- Guillermo D. Olmo @BBCgolmo
- BBC World News
Venezuela began this week the long-awaited vaccination against covid-19. And he did it wrapped in controversy.
President Nicolás Maduro announced that the first doses of the Russian Sputnik V vaccine had begun to be administered to the population.
Dr. Glendy Rivero, a doctor from a Los Teques hospital, was the first vaccinated, according to Maduro.
But what is known of the government’s plans to distribute the vaccine, revealed by the president at a press conference on Thursday, have caused discontent and received criticism.
Maduro announced that among the first to receive immunization would be political positions such as mayors and governors. And also deputies of the National Assembly, controlled by the ruling party and among which are his wife, Cilia Flores, and his son, Nicolás Maduro Guerra.
The opposition leader Juan Guaidó accused Maduro of not being guided by sanitary criteria, but by political ones in the distribution of vaccines.
According to official figures, until this week 134,781 people had been infected and 1,303 died with coronavirus in Venezuela since last March.
The vaccination plan
The executive vice president, Delcy Rodríguez, announced that the first phase of the vaccination campaign will last two weeks, in which part of the 100,000 doses of the Sputnik V vaccine arrived in Caracas on February 13 and for the one that the government claims to have disbursed US $ 200 million.
The authorities’ plan, according to Maduro, is to first vaccinate health workers, security personnel and political positions “who do street work,” as well as the deputies of the National Assembly.
The authorities hope to vaccinate in this first stage 7,000 frontline workers in Miranda state and another 11,000 in Caracas. Vaccination would gradually spread to the rest of the country.
Why it has caused controversy
In the speech in which he unveiled his government’s plans, Maduro justified the decision to first vaccinate political positions on the fact that several Chavista leaders have died from the coronavirus.
But different sectors of the opposition reproach the government for following the criteria of privileging those who are loyal to it, which, according to them, has been the trend in the more than 20 years of Chavista rule.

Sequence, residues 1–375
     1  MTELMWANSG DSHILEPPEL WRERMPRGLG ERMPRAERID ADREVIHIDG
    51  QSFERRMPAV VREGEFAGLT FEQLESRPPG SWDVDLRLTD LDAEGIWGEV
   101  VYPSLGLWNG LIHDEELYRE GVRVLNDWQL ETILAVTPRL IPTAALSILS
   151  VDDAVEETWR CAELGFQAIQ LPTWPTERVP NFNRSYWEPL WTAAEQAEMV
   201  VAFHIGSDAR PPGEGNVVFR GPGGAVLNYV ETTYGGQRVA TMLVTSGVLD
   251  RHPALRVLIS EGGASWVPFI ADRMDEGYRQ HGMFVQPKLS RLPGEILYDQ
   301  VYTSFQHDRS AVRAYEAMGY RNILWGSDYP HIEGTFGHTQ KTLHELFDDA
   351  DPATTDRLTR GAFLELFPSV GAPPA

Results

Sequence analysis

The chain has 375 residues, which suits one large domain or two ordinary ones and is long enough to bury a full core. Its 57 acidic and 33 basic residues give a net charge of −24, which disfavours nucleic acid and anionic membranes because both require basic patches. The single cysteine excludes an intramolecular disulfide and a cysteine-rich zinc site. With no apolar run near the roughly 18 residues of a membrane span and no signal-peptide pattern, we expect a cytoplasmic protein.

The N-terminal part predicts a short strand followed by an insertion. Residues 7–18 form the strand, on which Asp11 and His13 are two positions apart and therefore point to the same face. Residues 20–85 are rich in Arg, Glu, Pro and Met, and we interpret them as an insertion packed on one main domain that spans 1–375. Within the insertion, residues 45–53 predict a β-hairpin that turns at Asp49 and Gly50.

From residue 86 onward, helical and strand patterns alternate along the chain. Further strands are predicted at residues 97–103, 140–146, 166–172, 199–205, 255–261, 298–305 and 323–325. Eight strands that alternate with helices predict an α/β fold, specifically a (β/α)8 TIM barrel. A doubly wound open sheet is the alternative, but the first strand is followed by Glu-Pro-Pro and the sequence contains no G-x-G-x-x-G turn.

In the plan outlined by the government, older people are not on the list of the first to be vaccinated, as is the case in many other countries.
Among the deputies of the National Assembly are direct relatives of Maduro. In other countries, such as Peru, there was a stir after it was learned that prominent political leaders had been secretly vaccinated while the majority of the population is still waiting.
It is not the first time that the political conflict between Chavismo and the opposition has splashed into the field of fighting the virus.
The country has not yet received its corresponding doses as part of the Covax initiative, which, promoted by the World Health Organization, seeks to ensure access to the vaccine in less developed countries.
Paolo Balladelli, head of the Pan American Health Organization (PAHO), has called on the government and the opposition to put aside their differences to reach an agreement that allows the delivery of the Covax vaccines.
PAHO recalled on Wednesday that Venezuela must disburse US $ 18 million to guarantee receipt of the first committed doses.
The opposition, which controls a large part of Venezuelan assets abroad due to international sanctions against the Maduro government and the fact that the United States and other countries recognize Guaidó as interim president, has declared its willingness to collaborate, but not no final agreement has transpired.
Ciro Ugarte, Director of Health Emergencies at PAHO, recalled that “the number of vaccines that he would receive immediately depends on availability and also on the progress that exists within Venezuela in all aspects to be able to implement vaccination.”
Different international agencies and NGOs have pointed out the difficulties that vaccination will have to overcome in a country hit by a serious economic crisis and in which many health centers and hospitals lack a stable supply of water and electricity.
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Eddie is an Australian news reporter with over 9 years in the industry and has published on Forbes and tech crunch.